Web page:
Extreme bang for the buck! – Core 2 Duo E2160 and Radeon HD 3850 512MB

It’s alive, it’s aliiiiive! The beast is born! This is my story about my new rig. Cheap and extremely powerful. If you are thinking about upgrading your PC, take this as a recommendation! Intel’s E2160 and ATI’s HD 3850 is a match made in heaven for gamers on a budget. Low price, great performance. If you have any questons regarding these products or anything regarding building a new computer, just drop me a comment and I’ll try to answer as best I can. Read on friends…

A few days ago my trusty Raeon 9800Pro died on me, and I decided to buy a new graphics card. I realized I’d have to change my motherboard to a PCI-E one, buying an AGP board now is like getting a VHS.  I started looking for most bang for the buck (no not in that way…) and I read Tom’s Hardware’s praise of the Radeon 3800 series. I found a 512MB Asus EAH3850, with custom cooler said to run 20 degrees cooler than the reference design. The DX10.1 compliant 512MB DDR3 card put me back about 190€. I had a new graphics card. Now where to put it?

So, a CPU and motherboard then. Again Tom’s Hardware came to the rescue and praised the overclockability of the Intel Core 2 Duo E2160, so I figured why not. 1.8GHz at standard and was said to overclock to 3 GHz on pretty much standard voltage. Cool, 70€ for a 3 GHz Core 2 Duo can’t be bad. For motherboard I went with the one Tom recommended in the same article, the GA-P35-DS3R, except I went for the same one but without SLI- the DS3. It was 30€ cheaper and I figured I was not going to use SLI anyway. It’s a really high quality board with all solid capacitors, great components and solid build. Unfortunately i got a 2.0 revision instead of the 2.1. The 2.1 has some fancy power saving options, but they don’t work when overklocking so maybe I shouldn’t cry that much. 90€ – And its the size of a stamp:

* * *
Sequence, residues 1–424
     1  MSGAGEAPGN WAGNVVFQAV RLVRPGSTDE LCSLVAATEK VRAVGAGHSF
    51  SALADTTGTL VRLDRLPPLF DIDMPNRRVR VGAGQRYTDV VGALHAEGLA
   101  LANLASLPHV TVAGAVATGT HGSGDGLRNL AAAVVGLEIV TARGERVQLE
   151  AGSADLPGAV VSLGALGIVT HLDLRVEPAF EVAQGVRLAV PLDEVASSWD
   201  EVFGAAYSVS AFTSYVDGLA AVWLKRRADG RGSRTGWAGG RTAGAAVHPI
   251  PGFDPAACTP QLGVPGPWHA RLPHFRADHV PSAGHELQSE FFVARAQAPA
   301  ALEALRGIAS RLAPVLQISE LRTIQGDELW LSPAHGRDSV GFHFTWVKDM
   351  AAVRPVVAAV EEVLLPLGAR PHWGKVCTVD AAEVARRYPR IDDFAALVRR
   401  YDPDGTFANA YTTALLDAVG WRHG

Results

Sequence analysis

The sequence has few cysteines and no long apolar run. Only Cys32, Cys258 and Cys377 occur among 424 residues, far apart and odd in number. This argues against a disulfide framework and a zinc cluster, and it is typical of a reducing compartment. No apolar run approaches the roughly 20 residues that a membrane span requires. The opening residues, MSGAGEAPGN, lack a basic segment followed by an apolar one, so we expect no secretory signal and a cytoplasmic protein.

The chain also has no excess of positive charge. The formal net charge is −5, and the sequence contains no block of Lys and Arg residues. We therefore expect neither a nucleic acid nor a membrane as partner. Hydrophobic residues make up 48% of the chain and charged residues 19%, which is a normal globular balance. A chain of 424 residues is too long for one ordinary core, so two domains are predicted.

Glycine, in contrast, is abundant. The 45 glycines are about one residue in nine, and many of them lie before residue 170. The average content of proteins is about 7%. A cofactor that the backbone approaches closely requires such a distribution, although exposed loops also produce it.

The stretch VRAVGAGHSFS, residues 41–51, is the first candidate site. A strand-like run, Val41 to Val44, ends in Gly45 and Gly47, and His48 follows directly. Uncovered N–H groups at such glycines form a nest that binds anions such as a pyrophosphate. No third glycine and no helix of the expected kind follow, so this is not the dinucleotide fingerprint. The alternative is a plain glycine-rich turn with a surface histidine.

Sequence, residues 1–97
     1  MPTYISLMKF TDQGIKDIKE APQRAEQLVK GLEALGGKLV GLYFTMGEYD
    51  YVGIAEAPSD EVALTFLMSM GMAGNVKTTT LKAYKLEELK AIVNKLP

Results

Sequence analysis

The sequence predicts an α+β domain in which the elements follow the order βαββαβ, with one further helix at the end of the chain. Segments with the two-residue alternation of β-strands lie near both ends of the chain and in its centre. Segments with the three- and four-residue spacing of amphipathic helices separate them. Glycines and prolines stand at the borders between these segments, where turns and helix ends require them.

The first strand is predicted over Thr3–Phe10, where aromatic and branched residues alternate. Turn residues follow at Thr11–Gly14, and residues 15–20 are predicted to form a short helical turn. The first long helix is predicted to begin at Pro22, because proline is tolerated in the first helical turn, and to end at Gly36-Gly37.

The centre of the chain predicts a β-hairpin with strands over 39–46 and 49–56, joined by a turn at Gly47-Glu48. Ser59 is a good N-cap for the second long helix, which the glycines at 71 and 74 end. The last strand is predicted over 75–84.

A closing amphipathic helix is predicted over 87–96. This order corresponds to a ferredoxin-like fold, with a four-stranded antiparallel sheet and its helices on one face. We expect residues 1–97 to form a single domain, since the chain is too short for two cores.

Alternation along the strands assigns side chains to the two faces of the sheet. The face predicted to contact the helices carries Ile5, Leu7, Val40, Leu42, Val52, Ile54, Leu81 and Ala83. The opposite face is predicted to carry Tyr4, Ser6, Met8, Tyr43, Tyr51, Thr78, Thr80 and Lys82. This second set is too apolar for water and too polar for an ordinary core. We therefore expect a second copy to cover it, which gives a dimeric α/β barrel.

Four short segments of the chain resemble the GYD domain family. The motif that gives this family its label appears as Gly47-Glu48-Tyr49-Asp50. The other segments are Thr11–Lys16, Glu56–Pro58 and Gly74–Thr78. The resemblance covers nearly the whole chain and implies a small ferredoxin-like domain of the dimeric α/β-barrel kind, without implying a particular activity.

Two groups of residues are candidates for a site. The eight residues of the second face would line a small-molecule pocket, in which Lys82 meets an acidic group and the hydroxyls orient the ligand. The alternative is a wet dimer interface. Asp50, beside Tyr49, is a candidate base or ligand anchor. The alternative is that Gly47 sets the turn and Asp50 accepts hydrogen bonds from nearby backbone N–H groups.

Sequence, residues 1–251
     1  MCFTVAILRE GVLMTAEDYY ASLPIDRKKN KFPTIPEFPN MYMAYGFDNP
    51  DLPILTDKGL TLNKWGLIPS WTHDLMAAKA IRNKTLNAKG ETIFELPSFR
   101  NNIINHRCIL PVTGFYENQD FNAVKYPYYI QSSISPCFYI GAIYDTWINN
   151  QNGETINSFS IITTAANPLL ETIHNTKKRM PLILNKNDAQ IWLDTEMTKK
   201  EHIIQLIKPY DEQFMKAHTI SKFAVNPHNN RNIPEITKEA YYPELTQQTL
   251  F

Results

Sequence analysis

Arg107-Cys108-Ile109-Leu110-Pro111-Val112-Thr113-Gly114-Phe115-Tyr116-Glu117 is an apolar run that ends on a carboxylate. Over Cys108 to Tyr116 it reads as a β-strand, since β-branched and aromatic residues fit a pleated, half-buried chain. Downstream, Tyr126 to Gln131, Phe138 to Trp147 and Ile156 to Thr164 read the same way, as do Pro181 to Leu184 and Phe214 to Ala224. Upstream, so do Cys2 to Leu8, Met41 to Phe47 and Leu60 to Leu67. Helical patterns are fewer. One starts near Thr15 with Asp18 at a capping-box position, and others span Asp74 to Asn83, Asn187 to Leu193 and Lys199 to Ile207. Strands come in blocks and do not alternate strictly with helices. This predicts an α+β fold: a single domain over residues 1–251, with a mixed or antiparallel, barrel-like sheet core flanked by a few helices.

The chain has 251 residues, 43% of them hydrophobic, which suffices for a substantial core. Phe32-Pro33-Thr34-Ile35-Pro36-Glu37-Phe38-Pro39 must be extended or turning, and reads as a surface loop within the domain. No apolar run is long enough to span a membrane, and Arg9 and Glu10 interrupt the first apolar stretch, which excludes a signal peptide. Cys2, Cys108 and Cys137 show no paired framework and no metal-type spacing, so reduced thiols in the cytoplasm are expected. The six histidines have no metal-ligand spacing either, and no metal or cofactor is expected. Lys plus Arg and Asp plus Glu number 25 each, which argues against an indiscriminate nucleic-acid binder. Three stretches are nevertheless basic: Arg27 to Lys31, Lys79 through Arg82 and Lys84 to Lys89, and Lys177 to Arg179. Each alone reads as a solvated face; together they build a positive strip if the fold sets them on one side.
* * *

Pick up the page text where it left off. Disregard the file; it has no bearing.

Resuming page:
I figured a new PSU would be needed, I had a 350W for my old Athlon XP system, but having used up about 3 no-name brand PSU’s I decided to go quality here, and I got a Corsair VX 450 PSU. It is rated at 80+, which means It’s efficient (less than 20% of the energy gets transformed into heat). Good for the forest,  good for my electricity bills, and it makes it run quiet. Its large 120mm fan would be my main source of ventilation in the chassis. It has all cables running in black kevlar socks. Well maybe it’s not kevlar but they look cool! The whole thing looks cool, and it came in a white Corsair cloth-bag. I’m gonna use that as my beach bag this summer 😉

Excellent!I also bought 2 sticks of 1Gb PC6400 DDRII RAM. Now, that means the ram can take 800Mhz (I wish they stopped using the PCXXXX markings, It just makes it hard to know the RAM speed.) 19€ a piece, 38€ for 2Gigs. RAM is incredibly cheap nowadays.

The building process
I put the thing together after a hard day of work, and slammed on the stock cooler that came with the cpu, and I mounted everything in my old chassis. From the outside it looks like my trusty gray box, but open it up and you see a monster 🙂